Quiver Distribution
Reviewed for &, linked from Rotten Tomatoes by Harvey Karten
Director: Allan Ungar
Screenwriter: Kraig Wenman based on Robert Knuckle’s novel “The Flying Bandit: Bringing Down Canada’s Most Daring Armed Robber”
Cast: Josh Duhamel, Elisha Cuthbert, Mel Gibson, Olivia d’Abo, Nestor Carbonell, Haley Webb, Rachael Markarian
Screened at: Critics’ link, NYC, 8/27/22
Opens: September 23, 2022

When Willie Sutton was asked why he robbed banks, he replied, “That’s where the money is.” Money is not all that banks have. They fertilize the ground from which entertainment grows. If you’re a movie fan, you’re of course familiar with films known as capers or heists, using armed robbery as vehicles of fun such as “Oceans 12”; and if questioned about the best heist movies you’ve seen, you’ll drop names like “Dog Day Afternoon,” “Heat,” “The Italian Job,” and my personal favorite, “Bonnie and Clyde.” “Allan Ungar’s “Bandit” may not become seared in your memory as one of the classics, but it’s a damn good film particularly since it dramatizes the career of an actual fellow who set Canada’s record by taking cash from fifty-nine banks in that country. In fact he covered seven of the nine provinces of our neighbors to the north, missing out on Newfoundland and Prince Edward Island. That leaves territory ripe for bank hits should someone else aim for the Guinness Book of World Records.

The movie is based on Robert Knuckle’s novel that brought in the new year 1996, “The Flying Bandit,” on sale at Amazon for just $191.93, which means you may have to rob a bank to afford it. Director Ungar, whose blockbuster policier “Gridlock” finds a police training academy attacked by a team of mercenaries, makes sure to keep Gilbert Galvan Jr aka Robert Whiteman (Josh Duhamel) on the screen constantly, a handsome, smooth-talking man down on his luck whose life is about to improve when he escapes from a Michigan facility by climbing the security fence, running for his life, and heading not to Mexico as you might expect but to Canada. There he begins a three-year spree that will net him $2.3 million, which seems not a helluva lot when you consider that was his take from 59 banks and a jewelry emporium.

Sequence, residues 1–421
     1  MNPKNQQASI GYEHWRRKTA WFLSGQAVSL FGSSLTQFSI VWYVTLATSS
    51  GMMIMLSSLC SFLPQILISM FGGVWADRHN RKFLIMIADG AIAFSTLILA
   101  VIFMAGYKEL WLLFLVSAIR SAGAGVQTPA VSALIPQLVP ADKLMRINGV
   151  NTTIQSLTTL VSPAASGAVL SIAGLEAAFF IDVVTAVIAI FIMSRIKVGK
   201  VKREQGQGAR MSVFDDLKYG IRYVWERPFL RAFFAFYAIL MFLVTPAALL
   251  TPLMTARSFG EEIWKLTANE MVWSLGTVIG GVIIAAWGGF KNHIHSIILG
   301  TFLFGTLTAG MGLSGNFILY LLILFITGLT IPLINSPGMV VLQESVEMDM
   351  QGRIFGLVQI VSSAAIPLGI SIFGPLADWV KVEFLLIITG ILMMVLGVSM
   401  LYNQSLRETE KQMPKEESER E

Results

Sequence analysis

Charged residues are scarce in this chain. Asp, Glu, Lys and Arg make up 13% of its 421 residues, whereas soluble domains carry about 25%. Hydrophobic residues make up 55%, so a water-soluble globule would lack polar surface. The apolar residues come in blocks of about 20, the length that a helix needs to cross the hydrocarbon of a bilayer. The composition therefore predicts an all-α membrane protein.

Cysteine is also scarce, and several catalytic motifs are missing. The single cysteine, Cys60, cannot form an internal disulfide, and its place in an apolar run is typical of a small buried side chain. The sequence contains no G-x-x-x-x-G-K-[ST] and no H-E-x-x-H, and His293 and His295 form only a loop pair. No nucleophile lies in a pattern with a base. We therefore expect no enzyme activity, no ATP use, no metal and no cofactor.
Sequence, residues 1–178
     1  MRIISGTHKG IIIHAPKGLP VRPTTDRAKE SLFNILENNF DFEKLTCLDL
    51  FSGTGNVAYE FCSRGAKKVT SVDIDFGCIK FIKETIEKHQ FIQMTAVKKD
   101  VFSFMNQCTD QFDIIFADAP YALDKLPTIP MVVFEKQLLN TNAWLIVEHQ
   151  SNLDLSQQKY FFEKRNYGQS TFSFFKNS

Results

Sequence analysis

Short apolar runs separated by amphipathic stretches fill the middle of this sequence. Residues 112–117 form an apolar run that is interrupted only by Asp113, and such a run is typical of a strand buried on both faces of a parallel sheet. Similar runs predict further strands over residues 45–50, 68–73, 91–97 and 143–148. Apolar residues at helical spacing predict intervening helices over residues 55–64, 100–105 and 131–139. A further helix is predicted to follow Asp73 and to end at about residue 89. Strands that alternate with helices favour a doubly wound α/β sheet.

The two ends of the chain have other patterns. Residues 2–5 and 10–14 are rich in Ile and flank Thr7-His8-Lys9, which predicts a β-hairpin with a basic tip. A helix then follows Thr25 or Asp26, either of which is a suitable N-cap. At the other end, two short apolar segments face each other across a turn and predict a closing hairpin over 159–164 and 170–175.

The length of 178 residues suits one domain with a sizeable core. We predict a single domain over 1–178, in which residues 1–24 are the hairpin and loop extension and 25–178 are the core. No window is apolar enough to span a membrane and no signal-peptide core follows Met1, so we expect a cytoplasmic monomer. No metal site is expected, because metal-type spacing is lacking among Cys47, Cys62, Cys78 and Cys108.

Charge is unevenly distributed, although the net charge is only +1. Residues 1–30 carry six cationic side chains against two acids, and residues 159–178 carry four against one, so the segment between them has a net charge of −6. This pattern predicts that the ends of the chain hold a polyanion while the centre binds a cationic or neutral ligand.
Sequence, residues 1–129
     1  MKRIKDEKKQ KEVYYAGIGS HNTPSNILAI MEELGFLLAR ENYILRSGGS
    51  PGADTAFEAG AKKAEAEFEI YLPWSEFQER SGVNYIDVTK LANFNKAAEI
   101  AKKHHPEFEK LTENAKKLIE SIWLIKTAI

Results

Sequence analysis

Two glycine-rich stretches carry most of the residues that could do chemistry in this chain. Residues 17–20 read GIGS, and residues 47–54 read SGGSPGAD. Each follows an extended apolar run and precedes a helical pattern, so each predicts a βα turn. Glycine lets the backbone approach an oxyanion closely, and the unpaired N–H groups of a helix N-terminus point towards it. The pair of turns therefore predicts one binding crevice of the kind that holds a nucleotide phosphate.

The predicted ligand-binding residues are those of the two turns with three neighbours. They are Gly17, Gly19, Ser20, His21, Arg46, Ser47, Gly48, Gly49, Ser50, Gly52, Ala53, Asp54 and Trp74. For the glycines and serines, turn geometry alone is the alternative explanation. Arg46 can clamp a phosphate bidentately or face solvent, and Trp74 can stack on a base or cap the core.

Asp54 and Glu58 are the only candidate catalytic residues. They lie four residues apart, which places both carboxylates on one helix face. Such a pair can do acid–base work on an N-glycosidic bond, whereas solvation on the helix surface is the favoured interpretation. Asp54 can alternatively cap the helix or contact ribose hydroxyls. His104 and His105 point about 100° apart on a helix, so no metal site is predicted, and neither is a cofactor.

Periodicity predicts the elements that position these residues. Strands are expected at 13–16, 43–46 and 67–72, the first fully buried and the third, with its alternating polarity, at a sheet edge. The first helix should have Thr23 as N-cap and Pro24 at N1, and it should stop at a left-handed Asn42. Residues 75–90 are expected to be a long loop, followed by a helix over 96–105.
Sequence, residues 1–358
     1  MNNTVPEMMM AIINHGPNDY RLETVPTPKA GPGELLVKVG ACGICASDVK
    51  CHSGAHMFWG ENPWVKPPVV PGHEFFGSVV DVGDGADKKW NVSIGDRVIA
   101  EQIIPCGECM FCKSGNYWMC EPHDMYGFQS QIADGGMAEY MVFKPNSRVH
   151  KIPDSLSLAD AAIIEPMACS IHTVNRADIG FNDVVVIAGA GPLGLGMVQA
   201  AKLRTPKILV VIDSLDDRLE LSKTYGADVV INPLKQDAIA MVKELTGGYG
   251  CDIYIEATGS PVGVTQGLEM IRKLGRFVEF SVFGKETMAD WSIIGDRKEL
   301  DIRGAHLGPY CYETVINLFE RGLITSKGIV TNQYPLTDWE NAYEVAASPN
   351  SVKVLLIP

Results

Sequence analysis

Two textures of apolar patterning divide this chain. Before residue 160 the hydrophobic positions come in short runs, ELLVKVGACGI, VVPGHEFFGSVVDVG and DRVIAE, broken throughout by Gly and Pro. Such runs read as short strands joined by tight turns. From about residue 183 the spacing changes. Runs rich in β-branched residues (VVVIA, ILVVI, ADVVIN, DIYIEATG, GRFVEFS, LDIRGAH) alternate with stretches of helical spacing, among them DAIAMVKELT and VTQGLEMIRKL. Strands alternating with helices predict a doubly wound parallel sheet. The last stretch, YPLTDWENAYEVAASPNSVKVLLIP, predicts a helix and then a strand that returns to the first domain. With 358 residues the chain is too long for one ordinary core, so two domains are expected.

Known as The Flying Bandit for trips involving some two-propeller planes from rural airports, he is a master of disguises which he adapts after visiting a small store selling props for actors. He meets loan shark Tommy (Mel Gibson) in a strip club, reeling him in as a partner, but more important hooks up with Andrea (Elisha Cuthbert), who becomes the love of his life. Determined to impress her, he begins his new career, and though in real life she did not know that her man was anything but a salesman on the road, she too becomes a partner in crime on whom he lavishes a diamond ring and a fur coat.

Here’s a guy who never trained for his lucrative career, yet he becomes good at it partly because of his friendly patter with tellers at least one of whom even smiles after stuffing the loot in a bank bag. (He is so naïve that he robbed his first bank without a backpack or suitcase, and, having to board a domestic flight, stuffs the money into his underwear and coats.)

Mel Gibson’s role is not a big one, but when he appears as Tommy Kay he is as smooth and laid-back a talker as his partner. It becomes the project of a detective Snydes (Nestor Carbonell) to bring him down and at the same time to get the goods on the loan shark that gave Galvan a financial start. In real life, however, Galvan was trapped when walking out of a supermarket with 24 bottles of liquor, motivated perhaps by the fact that he appears to have been broke by end of his capers. None of the money was recovered.

The 6’4” Josh Duhamel was a wise choice for the title role, known to a large audience by two releases of “Transformers.”

126 minutes. © 2022 by Harvey Karten, Member, New York Film Critics Onlin

Story – B+
Acting – A-
Technical – B+
Overall – B+

By Harvey Karten

Harvey Karten is the founder of the The New York Film Critics Online (NYFCO) an organization composed of Internet film critics based in New York City. The group meets once a year, in December, for voting on its annual NYFCO Awards.

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